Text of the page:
Moxonidine (Physiotens®, Moxon®, Cynt®) is an orally administered imidazoline compound with selective agonist activity at imidazoline I1 receptors and only minor activity at α2-adrenoceptors. Moxonidine acts centrally to reduce peripheral sympathetic activity, thus decreasing peripheral vascular resistance. In patients with mild to moderate hypertension, moxonidine reduces blood pressure (BP) as effectively as most first-line antihypertensives when used as monotherapy and is also an effective adjunctive therapy in combination with other antihypertensive agents. It improves the metabolic profile in patients with hypertension and diabetes mellitus or impaired glucose tolerance, is well tolerated, has a low potential for drug interactions and may be administered once daily in most patients. Thus, moxonidine is a good option in the treatment of patients with mild to moderate hypertension, particularly as adjunctive therapy in patients with the metabolic syndrome.
Moxonidine is a centrally acting selective agonist at imidazoline I1 receptors, tor which it has an affinity >30-fold that for α2-adrenoceptors. Moxonidine inhibits peripheral sympathetic activity, which decreases peripheral vascular resistance and results in significant decreases in systolic and diastolic BP (SBP and DBP). Moxonidine has minimal effect on cardiac haemodynamics and reduces left ventricular mass. Markers of endothelial dysfunction and end-organ damage, including microalbuminuria, improved in hypertensive patients who achieved BP control with moxonidine. Moxonidine also improved the metabolic profile of patients with hypertension and type 2 diabetes or impaired glucose tolerance. Oral moxonidine is rapidly absorbed, although the maximum antihypertensive effect occurs 3–4 hours after administration.
Oral bioavailability is 88% and is unaffected by food. No first-pass metabolism occurs and moxonidine is mostly excreted unchanged in the urine.
In well designed, 8-week trials, monotherapy with moxonidine 0.2–0.6 mg/day reduced sitting DBP to a significantly greater extent than placebo (mean change from baseline −10.7 to −13.2 vs −2.3 to −9mm Hg) in patients with mild to moderate essential hypertension. Sitting SBP also improved from baseline to a significantly greater extent with moxonidine than with placebo (mean −19.5 to −24.9 vs −1.2 to −13mm Hg). Reductions in sitting SBP and DBP with moxonidine 0.2–0.8 mg/day at 8 weeks were similar to those with enalapril 5–20mg once daily, atenolol 50–100 mg/day (except in postmenopausal women where atenolol reduced BP to a greater extent than moxonidine), hydrochlorothiazide 25mg once daily and rilmenidine 1–2 mg/day. At 26 weeks, reductions in sitting SBP and DBP with moxonidine 0.2–0.4 mg/day were similar to those with nifedipine sustained release 20–40 mg/day.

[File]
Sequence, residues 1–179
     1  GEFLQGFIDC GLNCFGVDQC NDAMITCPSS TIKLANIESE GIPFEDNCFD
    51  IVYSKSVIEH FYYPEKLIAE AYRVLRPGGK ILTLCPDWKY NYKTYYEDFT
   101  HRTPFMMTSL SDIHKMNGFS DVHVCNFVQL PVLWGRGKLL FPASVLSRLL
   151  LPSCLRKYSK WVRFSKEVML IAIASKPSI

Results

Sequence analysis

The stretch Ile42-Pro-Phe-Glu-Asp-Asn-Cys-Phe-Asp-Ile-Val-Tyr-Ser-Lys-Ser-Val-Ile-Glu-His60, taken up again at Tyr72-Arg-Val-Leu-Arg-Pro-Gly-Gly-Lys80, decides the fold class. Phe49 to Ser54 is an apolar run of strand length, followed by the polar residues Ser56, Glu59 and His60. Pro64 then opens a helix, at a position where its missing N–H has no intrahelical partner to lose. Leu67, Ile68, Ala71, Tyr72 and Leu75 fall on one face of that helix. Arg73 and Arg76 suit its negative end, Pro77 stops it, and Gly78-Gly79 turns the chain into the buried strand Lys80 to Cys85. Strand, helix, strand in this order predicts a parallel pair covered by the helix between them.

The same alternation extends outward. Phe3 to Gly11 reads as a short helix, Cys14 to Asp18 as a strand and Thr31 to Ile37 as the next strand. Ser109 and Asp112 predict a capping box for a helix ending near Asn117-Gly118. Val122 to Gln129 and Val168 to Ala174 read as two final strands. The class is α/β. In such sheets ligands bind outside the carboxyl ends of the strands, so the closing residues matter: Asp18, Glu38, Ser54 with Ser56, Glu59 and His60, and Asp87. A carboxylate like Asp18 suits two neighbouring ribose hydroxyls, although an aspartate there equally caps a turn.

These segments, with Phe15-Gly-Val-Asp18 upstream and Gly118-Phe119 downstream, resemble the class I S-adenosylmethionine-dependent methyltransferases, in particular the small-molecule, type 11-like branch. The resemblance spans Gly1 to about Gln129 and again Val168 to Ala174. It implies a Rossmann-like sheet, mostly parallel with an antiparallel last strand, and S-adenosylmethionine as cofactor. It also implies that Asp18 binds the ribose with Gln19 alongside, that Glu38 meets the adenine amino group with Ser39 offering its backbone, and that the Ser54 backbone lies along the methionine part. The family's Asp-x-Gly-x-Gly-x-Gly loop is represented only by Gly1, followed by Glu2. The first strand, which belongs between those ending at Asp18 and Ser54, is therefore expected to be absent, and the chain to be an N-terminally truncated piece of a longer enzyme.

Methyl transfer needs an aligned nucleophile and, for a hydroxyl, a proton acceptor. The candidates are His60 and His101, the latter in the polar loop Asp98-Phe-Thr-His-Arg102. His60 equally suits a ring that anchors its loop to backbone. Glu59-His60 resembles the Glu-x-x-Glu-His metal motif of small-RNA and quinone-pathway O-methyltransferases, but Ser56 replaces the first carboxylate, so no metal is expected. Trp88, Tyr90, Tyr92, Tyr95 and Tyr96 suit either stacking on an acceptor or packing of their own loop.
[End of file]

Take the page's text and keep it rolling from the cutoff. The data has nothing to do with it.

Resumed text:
Once-daily adjunctive moxonidine 0.4mg was also effective in patients with mild to moderate hypertension in well designed trials. In patients who did not respond to moxonidine monotherapy, mean improvements in sitting DBP at 4 weeks were −7.3mm Hg with moxonidine 0.4mg once daily plus amlodipine 5mg once daily, −4.8mm Hg with moxonidine 0.4mg once daily plus enalapril 10mg once daily and −3.2mm Hg with moxonidine 0.4mg once daily plus hydrochlorothiazide 12.5mg once daily. In another trial, changes in sitting SBP and DBP after 8 weeks’ treatment were significantly greater with once-daily moxonidine 0.4mg plus hydrochlorothiazide 25mg than with the respective monotherapies (−27 vs −20 and −22mm Hg and −16 vs −12 and −13mm Hg).
Moxonidine was generally well tolerated in clinical trials in patients with mild to moderate hypertension. In placebo-controlled monotherapy trials, 36–43% of moxonidine recipients experienced treatment-emergent adverse events versus 22–29% of placebo recipients and ≈32% and 35% of enalapril and hydrochlorothiazide recipients, respectively. Dry mouth was the most common adverse event with moxonidine monotherapy, affecting 11–20% of patients; other all-cause adverse events included diarrhoea, headache, bronchitis, nausea, dizziness and back pain. Other than dry mouth, asthenia and fatigue, adverse events in moxonidine monotherapy recipients were not generally related to α2-adrenoceptor inhibition. No new adverse events were reported in combination therapy trials.
Moxonidine was also well tolerated in a pooled analysis of postmarketing surveillance studies in 91 170 patients, about two-thirds of whom received moxonidine as monotherapy. Adverse events affected 9.4% of patients, causing 1.8% to discontinue treatment, and were generally not related to dosage, treatment duration, sex or age; dry mouth affected 4.2% of patients aged >65 years versus 2.7% of those aged <40 years.
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